Wagner is not even aware that his phone has a lightning node on it
Currently, most of the thinking in the Design Guide is focused on mobile wallet users such as Wagner. However, it is helpful to understand that routing nodes play a very important role in getting user funds across the lightning network.
The following examples are designed to help you understand how liquidity works on the lightning network.
Lori and Lamar, two routing node operators, open a channel together. Lori initiates the channel opening with 1,000,000 sats. This is the amount she makes available for transactions in the channel. Her initial outbound liquidity is the full amount of 1,000,000 sats, and her initial inbound liquidity is 0 sats (since Lamar has not committed any sats to the channel).
Suppose Lori routes a 100,000 sats payment through the channel. Her outbound liquidity is now 900,000 sats and her inbound liquidity is 100,000 sats. (Lamar’s liquidity is the inverse: he has outbound liquidity of 100,000 sats).
The liquidity of each user will continue to shift as Lori routes payments. For example, after she routes a 400,000 sats payment through the channel, her outbound liquidity is 500,000 sats and her inbound liquidity is 500,000 sats.
It works in the other direction, too. After Lamar routes a 200,000 sats payment through the channel, Lori’s outbound liquidity is 700,000 sats and her inbound liquidity is 300,000 sats.
Lori and Lamar can also change their liquidity by forming channels with other lightning nodes. For example, suppose Lindsay opens a channel with Lori for 2,000,000 sats. Lori’s total inbound liquidity has now increased to 2,300,000 sats, which is a combination of the inbound liquidity she has in the channel with Lindsay (2,000,000 sats) and the channel with Lamar (300,000 sats). Her outbound liquidity remains at 700,000 sats, which is a combination of the outbound liquidity she has in the channel with Lindsay (0 sats) and the channel with Lamar (700,000 sats).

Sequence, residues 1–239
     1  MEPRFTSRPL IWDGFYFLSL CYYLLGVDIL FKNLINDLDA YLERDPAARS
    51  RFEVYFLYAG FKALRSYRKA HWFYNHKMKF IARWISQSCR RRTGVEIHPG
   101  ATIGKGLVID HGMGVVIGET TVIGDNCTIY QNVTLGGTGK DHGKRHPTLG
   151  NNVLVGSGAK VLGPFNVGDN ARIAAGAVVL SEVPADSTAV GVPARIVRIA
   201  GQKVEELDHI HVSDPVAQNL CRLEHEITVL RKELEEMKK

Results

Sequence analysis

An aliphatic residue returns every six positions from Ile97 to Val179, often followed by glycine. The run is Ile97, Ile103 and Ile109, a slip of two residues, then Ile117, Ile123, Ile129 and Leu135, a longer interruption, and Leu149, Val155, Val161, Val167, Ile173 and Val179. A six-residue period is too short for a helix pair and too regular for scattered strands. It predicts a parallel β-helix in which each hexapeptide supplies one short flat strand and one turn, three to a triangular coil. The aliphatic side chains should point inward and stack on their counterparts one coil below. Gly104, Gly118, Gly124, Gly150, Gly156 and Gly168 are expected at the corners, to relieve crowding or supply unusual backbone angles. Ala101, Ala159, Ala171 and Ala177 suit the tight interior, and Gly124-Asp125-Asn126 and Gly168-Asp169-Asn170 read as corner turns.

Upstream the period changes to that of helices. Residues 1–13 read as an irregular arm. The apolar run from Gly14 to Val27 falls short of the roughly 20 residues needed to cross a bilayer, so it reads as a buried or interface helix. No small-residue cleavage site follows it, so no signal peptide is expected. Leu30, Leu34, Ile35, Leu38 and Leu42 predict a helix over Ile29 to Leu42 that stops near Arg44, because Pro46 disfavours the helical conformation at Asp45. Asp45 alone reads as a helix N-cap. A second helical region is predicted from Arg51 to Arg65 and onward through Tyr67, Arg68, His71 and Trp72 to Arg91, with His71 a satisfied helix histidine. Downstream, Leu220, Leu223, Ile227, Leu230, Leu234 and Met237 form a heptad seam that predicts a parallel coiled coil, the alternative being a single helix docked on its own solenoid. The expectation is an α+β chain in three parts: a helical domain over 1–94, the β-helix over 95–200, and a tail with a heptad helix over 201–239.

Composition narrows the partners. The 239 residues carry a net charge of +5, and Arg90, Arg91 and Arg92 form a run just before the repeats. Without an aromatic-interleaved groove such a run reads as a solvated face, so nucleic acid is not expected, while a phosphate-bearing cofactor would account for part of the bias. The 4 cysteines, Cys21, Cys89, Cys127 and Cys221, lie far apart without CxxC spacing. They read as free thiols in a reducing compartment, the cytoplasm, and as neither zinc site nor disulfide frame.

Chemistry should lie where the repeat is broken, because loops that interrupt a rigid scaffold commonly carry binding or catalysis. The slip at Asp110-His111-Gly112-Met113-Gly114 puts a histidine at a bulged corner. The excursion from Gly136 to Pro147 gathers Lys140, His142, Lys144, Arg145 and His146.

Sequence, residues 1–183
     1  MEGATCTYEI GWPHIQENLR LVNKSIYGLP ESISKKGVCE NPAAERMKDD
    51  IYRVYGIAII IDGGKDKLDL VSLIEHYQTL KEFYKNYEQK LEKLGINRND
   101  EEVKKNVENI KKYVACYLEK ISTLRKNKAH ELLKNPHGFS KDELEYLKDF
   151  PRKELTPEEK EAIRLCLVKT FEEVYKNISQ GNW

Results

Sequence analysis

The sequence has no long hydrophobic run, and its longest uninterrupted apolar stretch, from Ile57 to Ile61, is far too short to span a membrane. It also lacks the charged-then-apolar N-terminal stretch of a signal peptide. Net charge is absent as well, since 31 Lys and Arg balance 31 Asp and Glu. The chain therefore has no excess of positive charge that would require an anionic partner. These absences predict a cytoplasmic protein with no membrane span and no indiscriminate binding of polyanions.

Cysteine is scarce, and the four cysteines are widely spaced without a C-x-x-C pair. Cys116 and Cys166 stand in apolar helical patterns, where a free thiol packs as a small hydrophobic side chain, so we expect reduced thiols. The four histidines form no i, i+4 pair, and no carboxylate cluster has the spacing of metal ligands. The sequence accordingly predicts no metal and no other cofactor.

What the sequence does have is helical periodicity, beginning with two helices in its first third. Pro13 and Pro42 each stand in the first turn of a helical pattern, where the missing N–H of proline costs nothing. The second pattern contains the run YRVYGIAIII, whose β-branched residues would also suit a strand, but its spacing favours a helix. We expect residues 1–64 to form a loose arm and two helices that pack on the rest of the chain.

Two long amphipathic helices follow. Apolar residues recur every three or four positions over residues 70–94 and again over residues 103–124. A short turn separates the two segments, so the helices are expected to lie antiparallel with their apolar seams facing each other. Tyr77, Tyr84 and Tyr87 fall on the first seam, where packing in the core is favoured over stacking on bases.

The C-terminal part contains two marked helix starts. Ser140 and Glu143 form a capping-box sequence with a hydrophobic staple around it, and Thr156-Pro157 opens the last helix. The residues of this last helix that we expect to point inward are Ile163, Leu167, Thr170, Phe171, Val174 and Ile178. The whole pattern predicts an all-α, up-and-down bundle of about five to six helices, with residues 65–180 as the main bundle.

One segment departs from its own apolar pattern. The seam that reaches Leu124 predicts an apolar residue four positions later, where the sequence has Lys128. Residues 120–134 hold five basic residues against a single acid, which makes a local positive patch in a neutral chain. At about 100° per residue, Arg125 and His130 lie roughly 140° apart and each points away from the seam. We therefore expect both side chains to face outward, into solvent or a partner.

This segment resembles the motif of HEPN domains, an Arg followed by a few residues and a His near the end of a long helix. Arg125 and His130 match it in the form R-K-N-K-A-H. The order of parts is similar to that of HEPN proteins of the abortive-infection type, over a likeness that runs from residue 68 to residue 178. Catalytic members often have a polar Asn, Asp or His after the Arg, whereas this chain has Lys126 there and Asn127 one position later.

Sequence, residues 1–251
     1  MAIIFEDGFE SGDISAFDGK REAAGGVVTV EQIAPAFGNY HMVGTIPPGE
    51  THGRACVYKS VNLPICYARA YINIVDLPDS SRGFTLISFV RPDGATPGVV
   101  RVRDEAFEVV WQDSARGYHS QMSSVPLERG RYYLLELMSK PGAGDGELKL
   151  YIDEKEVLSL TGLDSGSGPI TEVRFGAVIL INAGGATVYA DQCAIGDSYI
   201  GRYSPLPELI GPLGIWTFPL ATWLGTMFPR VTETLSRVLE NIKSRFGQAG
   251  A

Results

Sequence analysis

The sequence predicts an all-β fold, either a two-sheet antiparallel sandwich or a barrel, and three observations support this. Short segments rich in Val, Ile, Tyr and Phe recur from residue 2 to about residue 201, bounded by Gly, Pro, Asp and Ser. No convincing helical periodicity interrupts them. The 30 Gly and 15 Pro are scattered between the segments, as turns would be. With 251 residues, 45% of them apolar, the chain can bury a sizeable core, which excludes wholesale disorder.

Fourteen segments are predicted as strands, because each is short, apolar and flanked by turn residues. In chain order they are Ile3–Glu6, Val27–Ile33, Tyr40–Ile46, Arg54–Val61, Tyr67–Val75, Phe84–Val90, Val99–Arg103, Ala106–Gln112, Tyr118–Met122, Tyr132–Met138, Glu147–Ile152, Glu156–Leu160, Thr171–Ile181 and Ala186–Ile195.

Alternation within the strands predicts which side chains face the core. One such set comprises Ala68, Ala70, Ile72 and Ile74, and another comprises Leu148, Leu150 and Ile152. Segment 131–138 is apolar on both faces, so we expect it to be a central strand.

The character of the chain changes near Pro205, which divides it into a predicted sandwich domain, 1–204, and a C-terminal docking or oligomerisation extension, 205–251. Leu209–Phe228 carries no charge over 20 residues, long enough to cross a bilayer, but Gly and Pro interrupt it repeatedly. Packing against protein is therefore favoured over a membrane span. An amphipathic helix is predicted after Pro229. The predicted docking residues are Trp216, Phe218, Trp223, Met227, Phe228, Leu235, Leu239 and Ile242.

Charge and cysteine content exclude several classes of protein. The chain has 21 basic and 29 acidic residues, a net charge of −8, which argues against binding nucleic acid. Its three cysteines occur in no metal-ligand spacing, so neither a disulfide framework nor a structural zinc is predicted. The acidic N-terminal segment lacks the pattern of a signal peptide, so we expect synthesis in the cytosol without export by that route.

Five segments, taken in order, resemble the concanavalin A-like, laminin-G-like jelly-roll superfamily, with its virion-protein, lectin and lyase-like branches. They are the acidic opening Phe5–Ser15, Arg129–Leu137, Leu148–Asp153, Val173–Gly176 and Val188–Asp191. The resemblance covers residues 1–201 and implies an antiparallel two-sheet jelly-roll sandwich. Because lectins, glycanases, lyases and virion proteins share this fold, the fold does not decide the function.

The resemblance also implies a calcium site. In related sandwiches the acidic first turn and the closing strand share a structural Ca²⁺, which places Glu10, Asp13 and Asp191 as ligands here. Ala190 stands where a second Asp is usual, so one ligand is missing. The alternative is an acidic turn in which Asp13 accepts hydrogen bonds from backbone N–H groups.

Lori, Lamar, and Lindsay can open channels with as many other nodes as they like – the only limitation is how much bitcoin they are willing to put into lightning channels. This interconnected web of channels is effectively “the lightning network”.
Getting liquidity is not a one time issue on the lightning network. Routing nodes are constantly rebalancing their channels so that they have the right amount of liquidity in the right places. They do this by essentially sending themselves payments through the lightning network.
While the example thus far has focused on routing nodes, mobile nodes also fit into this scenario. Now that our node operator Lori has maintained a well-connected routing node, she can use her node to extend liquidity to mobile nodes.
This is a simplified overview of the lightning network. In reality, lightning is a fast-moving technology with a variety of different techniques for managing channels and liquidity. Recent innovations like dual-funded channels allow both channel partners to contribute to the liquidity from the start, and channel-splicing is a promising idea may help make channel balancing easier.
The above examples were designed to help you understand liquidity on a conceptual level. Ideally, the user of a mobile daily spending wallet never has to consider any of the liquidity sourcing that happens behind the scenes. Consider how you might design a bitcoin product that doesn’t require the user to understand lightning channel management.